The Dark Side of Doing Business in Qatar
We meet in Frankfurt, and the man is clearly afraid. Amar Rasheed has lost everything -- his company, his money and his trust. At times, he even loses his temper. His voice cracks and his eyes become deep voids. He has a letter in front of him from a lawyer who works for the Embassy of Qatar. Essentially, the letter states, in extremely dry German legalese, that Rasheed should go to hell.
The World Men's Handball Championship is currently underway, with teams competing to win the trophy, a golden hand holding a golden ball. Tournament champions have been raising the trophy since the World Championship in Qatar in 2015. Rasheed made a trophy just like it right before that championship. It was a rush job and everything had to be done very quickly. He had a company in Qatar and he wanted to protect the emir from "great shame." The sheikh, a man of honor who, according to Rasheed, suddenly found himself without a trophy shortly before the tournament because the real one apparently hadn't been delivered on time.
How embarrassing it would have been for Qatar, a country that wants to be a leader in the world of international sports, had it been unable to present a trophy befitting its status. And of course, the emir counts among the world's richest people. As such, there was no doubt in Rasheed's mind that he would be handsomely rewarded for the job.
But he's still waiting for the money today. Instead, he got that letter in August, written on behalf of Sheikh Saoud bin Abdulrahman al-Thani. Today, he's the Qatari ambassador to Germany in Berlin, but in 2015, he was one of the most important sports officials in Qatar. He's the man who brought the World Handball Championship to his country. Shortly before the start of the championship, he also posed in front of the larger-than-life World Championship mascot, which had also been made by Rasheed for the organizing committee. According to Rasheed's version of events, he didn't get total payment for that either.
The letter from the lawyer stated that Rasheed should never call again. It also said that if he tried to assert yet another "baseless" claim or threatened to go public with those claims, legal action would be taken for "extortion and/or coercion."
Rasheed says all he wanted was assistance from the ambassador in resolving the problem in a decent manner.
The drama of Amar Rasheed, who today lives somewhere in the German state of Hesse after his hasty departure from Qatar, is the story of a simple misunderstanding -- namely that Qatar, a country of major sports tournaments like the 2015 Handball World Championship and the football World Cup in 2022, is always going to be generous to the point of downright wastefulness. Particularly when it comes to sports, it often feels like Qatar is willing to issue a blank check.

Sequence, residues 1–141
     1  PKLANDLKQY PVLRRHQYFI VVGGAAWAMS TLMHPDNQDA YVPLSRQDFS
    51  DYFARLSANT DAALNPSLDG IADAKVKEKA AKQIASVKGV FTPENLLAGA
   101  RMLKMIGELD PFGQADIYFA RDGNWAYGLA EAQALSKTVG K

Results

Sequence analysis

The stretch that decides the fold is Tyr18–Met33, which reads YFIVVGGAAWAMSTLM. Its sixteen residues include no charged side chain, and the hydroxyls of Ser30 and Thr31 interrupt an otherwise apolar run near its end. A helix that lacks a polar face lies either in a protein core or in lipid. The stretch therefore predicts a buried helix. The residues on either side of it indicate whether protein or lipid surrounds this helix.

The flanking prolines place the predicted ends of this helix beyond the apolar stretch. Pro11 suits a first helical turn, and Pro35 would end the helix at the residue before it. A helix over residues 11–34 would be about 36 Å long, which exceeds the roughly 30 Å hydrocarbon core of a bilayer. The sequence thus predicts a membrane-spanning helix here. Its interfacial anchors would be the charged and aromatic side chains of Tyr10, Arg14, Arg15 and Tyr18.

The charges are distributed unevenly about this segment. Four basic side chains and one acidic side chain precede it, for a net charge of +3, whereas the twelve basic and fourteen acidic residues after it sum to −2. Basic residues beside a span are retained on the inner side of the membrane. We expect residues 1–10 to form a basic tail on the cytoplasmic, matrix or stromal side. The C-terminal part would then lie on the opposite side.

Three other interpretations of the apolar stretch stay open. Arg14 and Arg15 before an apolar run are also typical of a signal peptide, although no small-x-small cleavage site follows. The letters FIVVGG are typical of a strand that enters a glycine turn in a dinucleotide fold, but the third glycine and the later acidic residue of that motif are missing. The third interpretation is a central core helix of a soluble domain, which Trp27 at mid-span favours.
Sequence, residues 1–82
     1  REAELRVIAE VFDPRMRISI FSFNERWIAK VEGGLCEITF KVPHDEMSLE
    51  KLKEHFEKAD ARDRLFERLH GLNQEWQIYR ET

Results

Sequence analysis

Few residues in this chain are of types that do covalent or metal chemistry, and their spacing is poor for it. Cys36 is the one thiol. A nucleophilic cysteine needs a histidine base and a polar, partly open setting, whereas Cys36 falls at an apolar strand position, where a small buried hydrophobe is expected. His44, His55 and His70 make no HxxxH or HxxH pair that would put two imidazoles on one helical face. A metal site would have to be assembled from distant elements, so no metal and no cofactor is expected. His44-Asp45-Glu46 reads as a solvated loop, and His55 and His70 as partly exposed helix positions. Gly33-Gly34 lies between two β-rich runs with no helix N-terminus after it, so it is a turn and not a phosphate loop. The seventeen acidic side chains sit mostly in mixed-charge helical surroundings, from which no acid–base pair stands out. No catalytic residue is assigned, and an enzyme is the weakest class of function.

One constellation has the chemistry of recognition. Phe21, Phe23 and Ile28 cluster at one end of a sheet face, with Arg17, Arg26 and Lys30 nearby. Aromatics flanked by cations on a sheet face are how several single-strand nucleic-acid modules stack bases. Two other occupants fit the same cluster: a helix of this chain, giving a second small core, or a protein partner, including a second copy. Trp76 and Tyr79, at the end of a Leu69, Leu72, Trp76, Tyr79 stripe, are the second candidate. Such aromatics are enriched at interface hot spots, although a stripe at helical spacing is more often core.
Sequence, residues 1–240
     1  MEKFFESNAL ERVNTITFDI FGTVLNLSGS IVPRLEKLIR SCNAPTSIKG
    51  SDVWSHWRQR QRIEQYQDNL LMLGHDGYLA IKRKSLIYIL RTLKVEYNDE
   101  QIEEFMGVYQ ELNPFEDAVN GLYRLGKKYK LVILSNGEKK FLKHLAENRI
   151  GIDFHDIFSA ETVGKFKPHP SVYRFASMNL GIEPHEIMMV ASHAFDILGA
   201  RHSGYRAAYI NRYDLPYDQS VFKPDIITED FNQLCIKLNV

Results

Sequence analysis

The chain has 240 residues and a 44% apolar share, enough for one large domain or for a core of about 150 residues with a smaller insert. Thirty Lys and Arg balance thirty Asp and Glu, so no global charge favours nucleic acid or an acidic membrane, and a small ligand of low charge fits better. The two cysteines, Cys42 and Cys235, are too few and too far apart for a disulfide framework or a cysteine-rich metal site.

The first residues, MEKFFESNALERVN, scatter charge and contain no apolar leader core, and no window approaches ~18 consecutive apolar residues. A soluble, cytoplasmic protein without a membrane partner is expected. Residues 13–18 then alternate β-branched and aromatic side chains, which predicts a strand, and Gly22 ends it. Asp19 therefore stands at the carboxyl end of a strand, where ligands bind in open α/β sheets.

As it turns out, the emirate can be as stingy, degrading and arbitrary as it can be generous -- at least when it comes to laborers working in slave-like conditions at World Cup construction sites or toward business people like Rasheed, who grew up in the United States and holds a Dutch passport.
A Land of Unlimited Possibilities?
Rasheed first arrived in the emirate in 2010. He thought of Qatar as being a kind of America of the Orient, a land of unlimited possibilities where talent, diligence and a business idea can be turned into money and prestige like no other place in the world. His ideas were decorative constructions both for sporting events and other occasions.
In a sheikdom that is mad about sports, such an idea might seem like a good one. As easy as it is for Qatar to earn billions through its oil and gas, it can be just as quick to spend that money on sports. Sheikh Saoud, the ambassador in Berlin, seemed like the perfect embodiment of the Qatari principle that just about anything can be bought, including success. He announced, for example, that Paris Saint-Germain, bought by the Qataris in 2011, would seek to recruit Cristiano Ronaldo. In the end, the team settled for Neymar and Mbappé for a cool 400 million euros.
As head of the National Olympic Committee, Saoud was also the man behind the bid for the 2015 World Handball Championship. Qatar reportedly spent 220 million euros on the tournament, 10 times more than Germany did for the 2007 Handball World Cup. The emirate seems to buy everything. The national handball team, for example, includes players with names like Zarko Markovic, Danijel Saric, Goran Stojanovic and Bertrand Roiné. And Qatar even paid for the flights, hotels and tickets for 60 Spaniards to cheer Qatar on from the stands.
The World Handball Championship was also supposed to be a major event for Amar Rasheed's young company. The World Cup organizers had ordered a large format version of the official mascot from the company -- a 5-meter (16-foot) tall edition for 189,000 riyal, or about 45,000 euros. The company was also to produce a sculpture of a handball measuring 2.5 meters in diameter for 52,000 riyal, or about 12,400 euros.
The giant mascot had hardly been installed in front of the new Lusail Arena when a delegation dropped by. There's a photo that shows the current ambassador posing in front of the statue in which he appears to be in a pleasant mood. In a recent letter to the ambassador, Rasheed wrote, "You placed your hand on my shoulder and said: 'Thank you for doing a terrific job. If you ever need anything in Qatar, you can always contact me or the National Olympic Committee of Qatar.'"
An Emir in a Bind
At the time, Rasheed really thought he had made it -- that he would be part of the elite in Qatar, that he would make money and find happiness. It had been an even greater honor to him to be able to assist an emir who had been in a bit of a bind -- at least that's how Rasheed recalled things in his letter to the ambassador.